“I want to talk to you.”
“Hi, Maggy. How are you?”
“Don’t ‘how are you’ me! I can’t believe that you came back to take away Cole’s land.”
Okay, I admit it. Dialogue is my favorite part in the book. I just love to hear people get into arguments, dodge questions, tell it like it is, and most of all, give each other the what for. Sometimes (and this is the schizophrenic writer side of me) I will even talk out loud as I’m writing dialogue, just to get the inflection. (Besides, I can say anything to myself and not get into trouble!)
But what is the secret to sizzling dialogue? What’s the difference between writing conversations that zing or mind-numbing dialogue that causes a book to end face down on the bureau collecting dust?
I think it’s all about adding a little GUSTO. That element that contains attitude and energy and courage and everything your character has inside of him. What do I mean? Let’s take a closer look:
Goals – every character has goals for the scene, as well as for the book. And good dialogue reveals those goals – not only in what is being said, but what is NOT being said. Don’t let your character lay it all on the line – make him hide his motives to everyone but the reader. In fact – don’t even let them answer the questions they’re asked. Dodge, be evasive, and most of all, never give the expected answer. Not if you don’t want readers to skip lines.
Useful information – Dialogue should add new information to the reader – but DON’T use it in place of backstory – eg: “Joe, I know that you’re the great uncle of my step-sister sally, and that you were having an affair secretly with my dad’s ex-wife who left her and became an alcoholic and eventfully died after going to rehab of liver disease, and that you now got your life together and became a Christian after attending a Billy Graham event in Minneapolis four years ago, after which you dedicated your life to helping orphans in Russia, but could you tell me why my step-sister won’t speak to my little brother, especially since they used to be so close, until he left for the navy two years ago and is in now in Navy Seal training because this was the dream of my father due to my grandfather who was one of the first SEALS in WW2?”
Make dialogue meaningful – don’t ask how they are, or how the family is, how the weather is (unless it’s a weather book). Cut right to the meat of the story with new information.
Stop Shouting! Don’t use Tom Swifts – ie: “Stop Shouting!” he yelled. “I’ll tell you all about it,” she explained. Use tags sparingly, and keep them to he said, she said, with the occasional, he murmured, or she whispered. In fact, body Language and Active Narrative in place of dialogue tags speaks as loudly as words, if not louder.
Here are two scenes, one with dialogue tags, one without, with just body language and narrative. Which one reveals more?
“I don’t care where you’re going,” Janice murmured. “Stay out all night if you want to. In fact, I hope you have a great time.”
“I don’t care where you’re going.” Janice barely looked up from her book as her sister stood by the door, question on her face. “Stay out all night if you want to.” She put a thumb over the paragraph to keep her place. Looked up and smiled, a real smile that filled her chest and made her sister smile back. “In fact, I hope you have a great time.”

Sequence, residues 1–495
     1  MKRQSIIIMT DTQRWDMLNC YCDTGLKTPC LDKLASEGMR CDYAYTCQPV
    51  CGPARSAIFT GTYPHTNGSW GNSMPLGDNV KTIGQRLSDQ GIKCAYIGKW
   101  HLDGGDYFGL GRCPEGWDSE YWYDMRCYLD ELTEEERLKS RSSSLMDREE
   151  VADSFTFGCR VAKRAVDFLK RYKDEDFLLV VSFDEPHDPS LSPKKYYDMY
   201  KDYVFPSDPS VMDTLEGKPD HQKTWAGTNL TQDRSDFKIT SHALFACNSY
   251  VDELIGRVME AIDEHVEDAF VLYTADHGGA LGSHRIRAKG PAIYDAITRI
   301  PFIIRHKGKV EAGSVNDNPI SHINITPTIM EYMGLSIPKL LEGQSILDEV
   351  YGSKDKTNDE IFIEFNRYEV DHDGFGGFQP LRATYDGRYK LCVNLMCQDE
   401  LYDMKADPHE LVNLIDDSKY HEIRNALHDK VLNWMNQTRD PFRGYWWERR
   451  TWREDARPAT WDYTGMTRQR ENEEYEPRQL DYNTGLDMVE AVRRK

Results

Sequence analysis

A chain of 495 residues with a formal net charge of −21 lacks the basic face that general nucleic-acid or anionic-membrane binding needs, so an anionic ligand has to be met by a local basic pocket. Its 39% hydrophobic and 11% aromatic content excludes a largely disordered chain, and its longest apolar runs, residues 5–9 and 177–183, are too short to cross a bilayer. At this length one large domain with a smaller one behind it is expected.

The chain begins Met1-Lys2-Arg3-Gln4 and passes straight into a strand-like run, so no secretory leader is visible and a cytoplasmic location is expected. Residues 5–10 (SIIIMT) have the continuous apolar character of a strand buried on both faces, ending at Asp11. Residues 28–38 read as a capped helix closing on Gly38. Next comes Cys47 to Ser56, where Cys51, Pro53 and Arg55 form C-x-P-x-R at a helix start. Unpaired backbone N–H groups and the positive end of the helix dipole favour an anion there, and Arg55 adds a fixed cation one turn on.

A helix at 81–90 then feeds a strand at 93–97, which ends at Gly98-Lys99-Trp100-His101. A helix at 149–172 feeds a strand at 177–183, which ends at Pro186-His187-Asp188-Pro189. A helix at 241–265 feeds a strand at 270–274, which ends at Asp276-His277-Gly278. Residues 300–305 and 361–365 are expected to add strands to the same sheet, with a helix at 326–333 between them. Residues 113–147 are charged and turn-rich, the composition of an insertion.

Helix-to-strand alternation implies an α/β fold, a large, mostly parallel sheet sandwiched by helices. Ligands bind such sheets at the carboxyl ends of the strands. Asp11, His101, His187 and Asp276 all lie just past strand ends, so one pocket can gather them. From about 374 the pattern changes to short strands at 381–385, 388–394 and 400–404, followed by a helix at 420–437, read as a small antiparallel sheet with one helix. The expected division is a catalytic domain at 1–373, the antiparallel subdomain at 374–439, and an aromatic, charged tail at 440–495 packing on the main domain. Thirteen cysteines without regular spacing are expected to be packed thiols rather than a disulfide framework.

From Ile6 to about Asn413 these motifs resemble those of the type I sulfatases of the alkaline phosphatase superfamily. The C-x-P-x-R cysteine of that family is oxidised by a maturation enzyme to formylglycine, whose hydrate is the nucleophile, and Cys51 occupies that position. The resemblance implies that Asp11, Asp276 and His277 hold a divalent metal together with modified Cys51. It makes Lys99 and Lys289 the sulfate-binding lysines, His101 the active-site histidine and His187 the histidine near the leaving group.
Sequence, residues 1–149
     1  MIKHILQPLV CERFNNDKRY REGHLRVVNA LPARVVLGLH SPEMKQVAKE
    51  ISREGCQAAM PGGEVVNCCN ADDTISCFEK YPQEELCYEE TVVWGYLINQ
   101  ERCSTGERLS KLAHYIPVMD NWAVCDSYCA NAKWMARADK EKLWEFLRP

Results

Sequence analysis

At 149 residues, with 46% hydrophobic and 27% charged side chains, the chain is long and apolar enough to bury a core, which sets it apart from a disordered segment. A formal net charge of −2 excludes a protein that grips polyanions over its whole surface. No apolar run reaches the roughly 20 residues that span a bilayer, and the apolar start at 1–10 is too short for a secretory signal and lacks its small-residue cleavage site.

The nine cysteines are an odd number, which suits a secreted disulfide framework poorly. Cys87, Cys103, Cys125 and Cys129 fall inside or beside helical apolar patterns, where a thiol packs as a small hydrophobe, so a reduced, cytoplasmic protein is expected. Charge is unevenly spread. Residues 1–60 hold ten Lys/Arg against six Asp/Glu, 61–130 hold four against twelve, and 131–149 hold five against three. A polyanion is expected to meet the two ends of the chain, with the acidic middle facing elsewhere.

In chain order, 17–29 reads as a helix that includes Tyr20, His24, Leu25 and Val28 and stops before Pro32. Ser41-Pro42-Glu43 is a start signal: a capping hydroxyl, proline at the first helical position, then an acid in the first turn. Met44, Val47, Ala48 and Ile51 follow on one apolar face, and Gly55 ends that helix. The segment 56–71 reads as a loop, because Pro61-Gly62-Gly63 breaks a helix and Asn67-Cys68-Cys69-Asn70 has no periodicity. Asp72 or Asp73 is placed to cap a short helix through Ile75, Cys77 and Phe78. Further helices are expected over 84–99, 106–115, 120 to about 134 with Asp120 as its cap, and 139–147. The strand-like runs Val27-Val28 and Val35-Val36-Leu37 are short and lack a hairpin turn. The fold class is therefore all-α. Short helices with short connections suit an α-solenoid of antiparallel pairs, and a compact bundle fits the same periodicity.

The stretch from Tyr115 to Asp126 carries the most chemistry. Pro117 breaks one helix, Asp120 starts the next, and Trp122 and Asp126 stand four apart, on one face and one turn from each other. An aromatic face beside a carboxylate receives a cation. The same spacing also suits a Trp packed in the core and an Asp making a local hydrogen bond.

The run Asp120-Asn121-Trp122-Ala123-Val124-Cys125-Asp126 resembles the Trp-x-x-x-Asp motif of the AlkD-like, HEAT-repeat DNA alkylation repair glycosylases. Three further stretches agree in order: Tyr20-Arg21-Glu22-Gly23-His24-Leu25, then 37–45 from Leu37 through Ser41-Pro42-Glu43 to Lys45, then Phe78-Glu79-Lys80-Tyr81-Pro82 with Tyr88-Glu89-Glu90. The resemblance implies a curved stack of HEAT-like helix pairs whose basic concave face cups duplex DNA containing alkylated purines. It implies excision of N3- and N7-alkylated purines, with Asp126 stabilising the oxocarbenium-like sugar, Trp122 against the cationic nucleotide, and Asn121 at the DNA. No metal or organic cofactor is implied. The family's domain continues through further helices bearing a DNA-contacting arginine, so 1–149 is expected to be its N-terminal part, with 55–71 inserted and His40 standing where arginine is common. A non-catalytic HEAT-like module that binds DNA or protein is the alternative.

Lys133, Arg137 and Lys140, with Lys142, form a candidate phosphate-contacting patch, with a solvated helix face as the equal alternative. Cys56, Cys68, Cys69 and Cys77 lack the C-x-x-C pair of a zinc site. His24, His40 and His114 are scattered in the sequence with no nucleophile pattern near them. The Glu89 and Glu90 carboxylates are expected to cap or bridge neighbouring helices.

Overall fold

Tell it like it is: Cut to the chase and say what your character REALLY wants to say, even if it is only to take away attention from his real agenda. The best dialogue is when you think, oh my, I can’t believe she (or he) had the guts to say that!
don’t Overuse Names! We as writers use them to help us remember who is who when we’re writing. But the reader doesn’t need them, so cut them out as you are editing. Ie – “Hey Sam, how are you? Hey Joe, I’m good, but my car is in the shop. Sam, your car is always in the shop. I know, Joe, but it’s got a bad starter. Have you ever thought of getting it fixed, Sam?”
Have fun with your dialogue. Let your characters say what they really want to say. And then, let the fireworks begin!
“It’s Noble land. But, Maggy, this isn’t about you.”
“This is completely about me, Nick. I know that! I’m not an idiot.”
“Of course you’re not. It’s just that . . . this is between me and Cole.”
“You think I don’t know why you left? Why you haven’t come back for ten years? You’re really a piece of work, Noble. Well, for your information, Cole is twice the man you are. He’s kind and honorable and patient, and he keeps his promises. He deserves that land your father gave him. And you, of all people, should know that.”
“I don’t know what you’re talking about, Maggy, but you got this all wrong.”
“You turned out exactly as my mother predicted. I’m so sorry I didn’t listen to her sooner.”
Excerpted from Reclaiming Nick*
We’re going to do some house calls at MBT this week – send us a small dialogue passage you may be having trouble on, tell us the goals of the scene for the people who are talking, and MBT will see what we can do to help. Also – tomorrow well talk about INTERNAL monologue…to italic or not to italic, that is the question! And Thursday I’m going to give you my biggest secret to adding spice to your dialogue.
Of course those brave Voices who share their work on MBT will receive a preview copy of Wiser than Serpents… So – send us your troublespots! email@example.com